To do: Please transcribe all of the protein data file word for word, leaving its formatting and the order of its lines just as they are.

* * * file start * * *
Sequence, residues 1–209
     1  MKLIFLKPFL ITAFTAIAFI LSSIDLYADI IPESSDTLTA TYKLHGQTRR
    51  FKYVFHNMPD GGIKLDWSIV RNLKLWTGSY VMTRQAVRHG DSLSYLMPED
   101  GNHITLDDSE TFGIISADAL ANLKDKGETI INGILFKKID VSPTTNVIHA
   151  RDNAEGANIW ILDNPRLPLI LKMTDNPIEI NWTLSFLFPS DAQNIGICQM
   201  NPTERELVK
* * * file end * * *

Sequence, residues 1–209
     1  MKLIFLKPFL ITAFTAIAFI LSSIDLYADI IPESSDTLTA TYKLHGQTRR
    51  FKYVFHNMPD GGIKLDWSIV RNLKLWTGSY VMTRQAVRHG DSLSYLMPED
   101  GNHITLDDSE TFGIISADAL ANLKDKGETI INGILFKKID VSPTTNVIHA
   151  RDNAEGANIW ILDNPRLPLI LKMTDNPIEI NWTLSFLFPS DAQNIGICQM
   201  NPTERELVK